When I was a young manager, I used to hate the thought of giving negative feedback to those on my team. 

"What if it doesn't go well?" I'd ask myself. "What if they completely miss the point? Or, worse yet, what if they get upset?"

Those were valuable concerns, because it almost never feels good when we're on the receiving end of critical feedback.

Almost never.

"Almost," because over the years I've learned there's a way to frame your feedback that completely changes the way others receive it, and it hinges on a single, very powerful word:

Constructive.

I spoke recently to Chris Colaco, a feedback expert and founder of the company 1 Minute Feedback. Colaco explained why this simple word can make all the difference when it comes time to deliver feedback to your people.

Colaco explains that in most cases, the word feedback carries a negative connotation or feeling. Just think of the feeling that runs down your spine when someone says: "Can I give you some feedback?" or "I'd like to share some feedback with you."

Now, let's insert the magic word, and notice how the feeling changes:

"Can I give you some constructive feedback?"

"By inserting the word constructive before the word feedback, you go a long way to changing the perception of the word feedback from something that's negative to something that has a positive, helpful connotation," says Colaco.

Colaco is absolutely right, and his advice has a firm foundation in emotional intelligence.

What's emotional intelligence got to do with it?

Emotional intelligence is the ability to identify, understand, and manage emotions. Put simply, it's the ability to make emotions work for you, instead of against you.

Of course, from an EQ-perspective, it's important that the primary type of feedback you deliver is sincere and specific commendation. That's because consistent positive feedback helps to build a culture of "psychological safety." This is an environment where employees feel safe to take risks, to be themselves, to offer up new ideas, and even to make mistakes.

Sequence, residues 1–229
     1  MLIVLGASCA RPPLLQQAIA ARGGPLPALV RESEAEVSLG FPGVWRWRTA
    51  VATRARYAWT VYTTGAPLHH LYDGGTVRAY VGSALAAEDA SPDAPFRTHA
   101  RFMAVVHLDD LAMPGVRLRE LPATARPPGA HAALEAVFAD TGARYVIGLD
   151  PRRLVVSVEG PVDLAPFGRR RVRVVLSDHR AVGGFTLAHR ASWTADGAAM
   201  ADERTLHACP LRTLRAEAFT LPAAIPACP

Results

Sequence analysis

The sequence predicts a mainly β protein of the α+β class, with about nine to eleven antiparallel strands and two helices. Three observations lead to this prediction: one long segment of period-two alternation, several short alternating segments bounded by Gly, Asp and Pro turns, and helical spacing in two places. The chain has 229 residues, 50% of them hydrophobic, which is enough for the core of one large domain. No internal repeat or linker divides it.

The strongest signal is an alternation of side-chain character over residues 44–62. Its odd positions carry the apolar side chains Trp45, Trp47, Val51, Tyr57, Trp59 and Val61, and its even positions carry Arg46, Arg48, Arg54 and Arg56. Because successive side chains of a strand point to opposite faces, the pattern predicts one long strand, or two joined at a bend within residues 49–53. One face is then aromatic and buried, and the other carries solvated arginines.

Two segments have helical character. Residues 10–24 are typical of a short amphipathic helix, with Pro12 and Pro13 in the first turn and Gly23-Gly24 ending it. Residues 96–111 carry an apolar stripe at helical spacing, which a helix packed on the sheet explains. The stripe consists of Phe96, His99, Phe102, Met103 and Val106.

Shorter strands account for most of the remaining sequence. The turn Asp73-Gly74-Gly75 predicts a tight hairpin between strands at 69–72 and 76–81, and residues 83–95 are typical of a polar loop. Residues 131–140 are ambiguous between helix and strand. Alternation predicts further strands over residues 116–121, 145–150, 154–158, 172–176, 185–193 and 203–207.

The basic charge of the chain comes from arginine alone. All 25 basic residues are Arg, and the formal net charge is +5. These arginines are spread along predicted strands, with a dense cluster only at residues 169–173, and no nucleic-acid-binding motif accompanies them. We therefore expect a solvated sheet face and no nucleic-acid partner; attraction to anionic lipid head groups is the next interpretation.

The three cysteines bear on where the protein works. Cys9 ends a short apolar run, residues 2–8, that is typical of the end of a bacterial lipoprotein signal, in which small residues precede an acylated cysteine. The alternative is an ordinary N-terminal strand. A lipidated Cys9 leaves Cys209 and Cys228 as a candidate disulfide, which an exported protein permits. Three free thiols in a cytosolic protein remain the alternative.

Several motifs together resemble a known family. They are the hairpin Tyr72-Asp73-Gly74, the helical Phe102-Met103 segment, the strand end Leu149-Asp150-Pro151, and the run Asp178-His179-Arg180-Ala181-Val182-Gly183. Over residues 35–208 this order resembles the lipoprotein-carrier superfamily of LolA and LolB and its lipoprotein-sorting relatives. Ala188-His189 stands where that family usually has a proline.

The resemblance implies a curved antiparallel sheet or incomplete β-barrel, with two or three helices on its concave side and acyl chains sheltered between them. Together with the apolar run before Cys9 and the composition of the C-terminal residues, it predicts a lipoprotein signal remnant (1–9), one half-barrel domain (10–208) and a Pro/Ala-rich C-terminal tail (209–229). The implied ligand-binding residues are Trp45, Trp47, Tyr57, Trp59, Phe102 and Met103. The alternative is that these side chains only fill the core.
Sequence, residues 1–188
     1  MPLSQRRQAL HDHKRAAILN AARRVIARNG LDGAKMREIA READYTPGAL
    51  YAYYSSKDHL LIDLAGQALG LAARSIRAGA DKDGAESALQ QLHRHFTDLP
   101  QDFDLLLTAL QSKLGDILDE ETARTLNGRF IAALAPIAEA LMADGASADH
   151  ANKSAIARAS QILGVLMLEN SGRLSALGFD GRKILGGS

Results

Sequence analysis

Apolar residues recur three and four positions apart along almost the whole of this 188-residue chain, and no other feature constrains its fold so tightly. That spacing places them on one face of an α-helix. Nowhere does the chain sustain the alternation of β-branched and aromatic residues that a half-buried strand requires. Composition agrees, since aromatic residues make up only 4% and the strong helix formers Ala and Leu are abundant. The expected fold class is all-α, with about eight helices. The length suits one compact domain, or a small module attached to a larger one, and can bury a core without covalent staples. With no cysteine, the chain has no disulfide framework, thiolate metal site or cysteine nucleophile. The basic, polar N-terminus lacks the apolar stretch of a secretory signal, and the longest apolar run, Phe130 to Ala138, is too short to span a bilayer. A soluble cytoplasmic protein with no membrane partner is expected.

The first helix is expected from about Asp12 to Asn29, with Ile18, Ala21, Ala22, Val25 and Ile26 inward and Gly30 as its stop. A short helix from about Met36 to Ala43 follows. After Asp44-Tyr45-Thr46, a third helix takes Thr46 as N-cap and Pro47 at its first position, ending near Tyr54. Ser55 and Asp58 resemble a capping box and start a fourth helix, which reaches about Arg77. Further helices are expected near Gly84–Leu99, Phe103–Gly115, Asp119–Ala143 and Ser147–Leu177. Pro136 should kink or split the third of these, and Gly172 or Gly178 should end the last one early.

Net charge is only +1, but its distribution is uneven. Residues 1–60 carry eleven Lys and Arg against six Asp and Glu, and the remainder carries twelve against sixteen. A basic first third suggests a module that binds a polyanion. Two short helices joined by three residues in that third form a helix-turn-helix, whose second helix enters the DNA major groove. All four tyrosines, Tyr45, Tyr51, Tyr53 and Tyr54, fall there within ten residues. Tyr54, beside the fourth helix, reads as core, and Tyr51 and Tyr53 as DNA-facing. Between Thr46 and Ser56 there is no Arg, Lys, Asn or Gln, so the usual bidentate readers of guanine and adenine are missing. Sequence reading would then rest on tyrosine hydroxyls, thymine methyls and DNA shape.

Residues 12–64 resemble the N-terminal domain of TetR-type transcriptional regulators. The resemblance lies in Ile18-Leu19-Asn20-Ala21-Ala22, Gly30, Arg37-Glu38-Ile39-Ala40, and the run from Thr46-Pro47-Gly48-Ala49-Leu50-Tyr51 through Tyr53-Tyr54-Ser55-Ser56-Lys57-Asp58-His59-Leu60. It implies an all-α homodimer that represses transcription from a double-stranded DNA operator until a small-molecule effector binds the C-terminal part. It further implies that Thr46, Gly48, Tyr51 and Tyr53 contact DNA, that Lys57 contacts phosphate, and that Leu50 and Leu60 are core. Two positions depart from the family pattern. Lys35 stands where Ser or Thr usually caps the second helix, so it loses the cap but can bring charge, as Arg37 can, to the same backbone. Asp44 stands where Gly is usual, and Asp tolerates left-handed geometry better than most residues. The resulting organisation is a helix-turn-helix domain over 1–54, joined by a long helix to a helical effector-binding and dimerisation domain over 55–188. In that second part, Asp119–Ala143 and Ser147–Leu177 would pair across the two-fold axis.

In other words, a psychologically safe environment is one that's based on trust--trust that your team leaders and colleagues are on your side and have got your back.

But while praise and commendation help build trust, at times we need to share feedback on how to improve. It's the only way any of us can grow. 

Here's where the word constructive can really help.

When you ask those on your team for permission to share constructive feedback with them, they'll be all ears. Since you've already established that your intent is to help, not harm, they'll be eager to put into practice whatever you have to share.

You're not the clueless boss or the colleague who just doesn't get it. You're someone who offers value, someone who can make them better.

It simply doesn't get more constructive than that.